Lit Picks

Son finds closure in deal

With a docu nearing completion, a book deal recently inked, a CD-ROM in the works and a treatment for a feature on its way to Hollywood, Nathaniel Lachenmeyer’s “therapy” is quickly becoming a multimedia undertaking.

Recently profiled in Time magazine, Lachenmeyer grew up with a father who had been an up-and-coming academic but became ill with schizophrenia, eventually leaving his home and family and living off the streets.

After finding his father’s body in a Burlington, Vt., flophouse, Lachenmeyer — who was working as a comic-book writer in Gotham — set out to retrace his father’s life from the time he left home when his son was 12.

While the docu originally served as a way to come to terms with his father, it also started a cascade of film, book and magazine offers, which has made his father’s life and illness a multimedia undertaking.

Broadway Books recently struck a low six-figure deal for the publishing rights to Lachenmeyer’s book, based on his docu, “Cities of Thought.”

“At the time my father died, I was writing a novel about him and his life, but since I didn’t know him that well and didn’t know he was homeless, I decided a film would allow all the people who did know him to piece together his life,” he told Variety.

“But after doing 80 interviews in six states, I decided I also wanted to do a nonfiction book in my own voice, but not some self-help, transformative stuff.”

Lachenmeyer says each chapter of the book, set to be published January 1999, will have some of his father’s delusional writings, which illustrate the illness as well as his father’s brilliance and hostility.

Lachenmeyer also has prepared a treatment for a fictionalized feature film based on his father’s story, which he hopes to send to producers soon. He is also seeking to develop an educational CD-ROM about schizophrenia, using the text of the book and portions of the docu.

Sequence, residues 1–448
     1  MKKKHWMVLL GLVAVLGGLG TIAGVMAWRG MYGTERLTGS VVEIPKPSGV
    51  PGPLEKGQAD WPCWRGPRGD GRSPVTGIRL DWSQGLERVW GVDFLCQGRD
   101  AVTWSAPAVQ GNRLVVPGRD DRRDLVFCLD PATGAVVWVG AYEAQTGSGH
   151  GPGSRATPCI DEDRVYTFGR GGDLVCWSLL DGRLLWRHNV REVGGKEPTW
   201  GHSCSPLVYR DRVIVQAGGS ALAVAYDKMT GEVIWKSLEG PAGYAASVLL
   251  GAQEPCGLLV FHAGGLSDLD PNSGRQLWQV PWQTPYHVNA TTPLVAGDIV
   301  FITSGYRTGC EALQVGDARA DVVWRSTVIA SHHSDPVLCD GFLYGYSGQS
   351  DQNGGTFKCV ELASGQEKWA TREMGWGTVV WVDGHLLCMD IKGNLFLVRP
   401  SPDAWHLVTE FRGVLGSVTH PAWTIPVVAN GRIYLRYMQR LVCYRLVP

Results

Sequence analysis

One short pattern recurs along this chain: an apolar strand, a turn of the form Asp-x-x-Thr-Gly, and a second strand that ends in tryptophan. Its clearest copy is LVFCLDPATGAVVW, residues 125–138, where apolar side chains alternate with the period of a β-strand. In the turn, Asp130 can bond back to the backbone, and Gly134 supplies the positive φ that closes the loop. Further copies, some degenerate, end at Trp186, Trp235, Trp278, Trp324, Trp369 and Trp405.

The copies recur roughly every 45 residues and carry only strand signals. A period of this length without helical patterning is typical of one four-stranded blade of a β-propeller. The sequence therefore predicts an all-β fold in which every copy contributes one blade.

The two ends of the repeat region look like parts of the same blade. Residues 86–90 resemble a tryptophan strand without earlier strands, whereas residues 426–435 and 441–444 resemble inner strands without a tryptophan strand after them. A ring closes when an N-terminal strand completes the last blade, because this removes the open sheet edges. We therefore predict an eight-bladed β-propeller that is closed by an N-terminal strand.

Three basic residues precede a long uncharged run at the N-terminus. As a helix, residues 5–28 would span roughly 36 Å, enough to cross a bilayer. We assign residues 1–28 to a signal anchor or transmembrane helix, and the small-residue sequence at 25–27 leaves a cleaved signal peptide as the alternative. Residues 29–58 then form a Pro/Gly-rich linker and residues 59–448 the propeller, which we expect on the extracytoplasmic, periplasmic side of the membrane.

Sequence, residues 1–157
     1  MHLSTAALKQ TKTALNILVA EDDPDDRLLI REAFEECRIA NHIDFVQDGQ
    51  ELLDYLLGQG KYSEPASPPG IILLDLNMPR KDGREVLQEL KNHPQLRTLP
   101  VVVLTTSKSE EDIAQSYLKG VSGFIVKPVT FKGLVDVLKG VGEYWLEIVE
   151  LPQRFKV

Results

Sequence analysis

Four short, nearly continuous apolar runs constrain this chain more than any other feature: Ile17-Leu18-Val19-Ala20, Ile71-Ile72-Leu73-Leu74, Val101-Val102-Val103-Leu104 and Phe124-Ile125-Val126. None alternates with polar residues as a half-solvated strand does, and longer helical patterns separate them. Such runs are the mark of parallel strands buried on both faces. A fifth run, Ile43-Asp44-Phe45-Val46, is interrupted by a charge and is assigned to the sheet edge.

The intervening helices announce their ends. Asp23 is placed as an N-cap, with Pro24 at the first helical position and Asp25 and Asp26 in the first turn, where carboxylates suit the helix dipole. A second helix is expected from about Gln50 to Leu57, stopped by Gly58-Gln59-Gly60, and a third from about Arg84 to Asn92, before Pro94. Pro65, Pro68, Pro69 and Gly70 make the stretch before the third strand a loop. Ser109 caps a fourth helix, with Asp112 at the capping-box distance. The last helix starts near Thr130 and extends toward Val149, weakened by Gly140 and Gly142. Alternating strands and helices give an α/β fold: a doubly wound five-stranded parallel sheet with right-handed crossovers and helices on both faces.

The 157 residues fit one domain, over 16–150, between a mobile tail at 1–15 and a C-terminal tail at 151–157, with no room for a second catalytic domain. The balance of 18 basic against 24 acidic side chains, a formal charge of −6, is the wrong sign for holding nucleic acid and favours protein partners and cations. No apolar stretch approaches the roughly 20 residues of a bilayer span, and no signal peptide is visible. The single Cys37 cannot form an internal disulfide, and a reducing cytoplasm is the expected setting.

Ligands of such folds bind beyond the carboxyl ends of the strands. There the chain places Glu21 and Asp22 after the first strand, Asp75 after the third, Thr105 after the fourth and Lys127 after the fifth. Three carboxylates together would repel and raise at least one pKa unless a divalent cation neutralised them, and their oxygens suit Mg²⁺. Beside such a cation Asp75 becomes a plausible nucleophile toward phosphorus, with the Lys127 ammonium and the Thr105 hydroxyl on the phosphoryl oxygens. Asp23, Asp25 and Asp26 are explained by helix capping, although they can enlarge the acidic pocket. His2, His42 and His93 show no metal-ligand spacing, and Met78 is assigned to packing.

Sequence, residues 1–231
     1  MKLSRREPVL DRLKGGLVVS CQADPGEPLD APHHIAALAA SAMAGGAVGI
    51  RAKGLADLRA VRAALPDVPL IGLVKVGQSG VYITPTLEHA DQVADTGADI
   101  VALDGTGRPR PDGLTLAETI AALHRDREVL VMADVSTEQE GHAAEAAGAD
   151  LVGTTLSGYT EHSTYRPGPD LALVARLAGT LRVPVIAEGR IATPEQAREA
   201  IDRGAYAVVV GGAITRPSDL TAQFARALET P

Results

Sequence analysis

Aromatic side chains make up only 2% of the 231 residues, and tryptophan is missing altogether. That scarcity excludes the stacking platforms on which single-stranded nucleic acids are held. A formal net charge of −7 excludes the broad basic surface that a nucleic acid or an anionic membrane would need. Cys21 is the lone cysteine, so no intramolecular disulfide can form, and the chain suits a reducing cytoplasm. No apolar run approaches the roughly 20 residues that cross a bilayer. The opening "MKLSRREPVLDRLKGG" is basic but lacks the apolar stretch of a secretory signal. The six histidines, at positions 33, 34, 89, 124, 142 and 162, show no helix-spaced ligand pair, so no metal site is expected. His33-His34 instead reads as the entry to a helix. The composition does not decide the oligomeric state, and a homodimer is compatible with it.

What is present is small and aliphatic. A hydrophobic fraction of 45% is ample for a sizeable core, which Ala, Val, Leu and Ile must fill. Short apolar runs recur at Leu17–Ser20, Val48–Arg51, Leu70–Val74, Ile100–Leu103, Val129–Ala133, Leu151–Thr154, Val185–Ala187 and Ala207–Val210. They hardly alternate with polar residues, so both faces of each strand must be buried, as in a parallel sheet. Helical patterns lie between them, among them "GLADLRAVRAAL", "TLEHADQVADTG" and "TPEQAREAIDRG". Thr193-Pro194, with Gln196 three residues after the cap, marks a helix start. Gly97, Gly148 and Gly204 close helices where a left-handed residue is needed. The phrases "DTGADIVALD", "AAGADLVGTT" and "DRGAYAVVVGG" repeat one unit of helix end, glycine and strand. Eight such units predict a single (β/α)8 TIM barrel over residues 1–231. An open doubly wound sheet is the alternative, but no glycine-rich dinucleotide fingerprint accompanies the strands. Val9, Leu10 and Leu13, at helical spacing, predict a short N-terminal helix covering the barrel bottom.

“I’m not looking to be a whore,” says Lachenmeyer. “Maybe I will become overexposed, but the subject of schizophrenia will not. It can only help the understanding of mental illness, the feelings of chances missed and the mistakes that are made when a family member is mentally ill.”

Book signings go high-tech

Leave it to “Dilbert” to come up with a way for authors to meet their fans without having to actually be with them.

Using a computer and an Intel Video Phone, “Dilbert” creator Scott Adams will conduct a series of “virtual book signings” across the country this month to promote his latest musings, “The Dilbert Future: Thriving on Stupidity in the 21st Century” (HarperBusiness). Bookstore patrons can chat with the author and buy pre-signed copies of the book.

In the tome, “Dilbert” becomes a Marshall McLuhan for the ’90s, predicting key developments in technology, the workplace, politics, economics, social issues and the possibility of life on other planets.

“The Cinema of Martin Scorsese”

Lawrence S. Friedman (Continuum) Pub date: July

Friedman, an English professor at Purdue, begins his analysis of Scorsese’s work with the director’s Catholic background and early plans to become a priest. That religious impulse was channeled into moviemaking at NYU Film School under instructor Haig Manoogian, who produced Scorsese’s first feature, “Who’s That Knockin’ at My Door.” Friedman also notes connections with film noir, Vincente Minnelli musicals and the French New Wave.

“Point Last Seen: A Woman Tracker’s Story”

Hannah Nyala (Beacon) Pub date: June

A young woman from the Mississippi backwoods escapes a vicious husband and moves to the desert to ease her grief. Drawing on hunting skills fostered by her Sioux Indian grandmother, she earns her living as a search-and-rescue tracker for the National Park Service.

Rights: available (UTA)

“Dorothy Dandridge: A Biography”

David Bogle (Amistad) Pub date: June

Film historian Bogle uses extensive interviews with Dandridge’s family, friends and colleagues to spotlight the first black to be nominated for the best actress Oscar — for “Carmen Jones” (1954). Whitney Houston has optioned the rights.

“Laid Bare: A Memoir of Wrecked Lives and the Hollywood Death Trip”

John Gilmore (Amok) Pub date: June

Actor-screenwriter-director-journalist Gilmore has written this tell-all tribute to his halcyon days in Hollywood among such notables as Jane Fonda, Jean Seberg, Ed Wood Jr., Brigitte Bardot and Steve McQueen.

Rights: available

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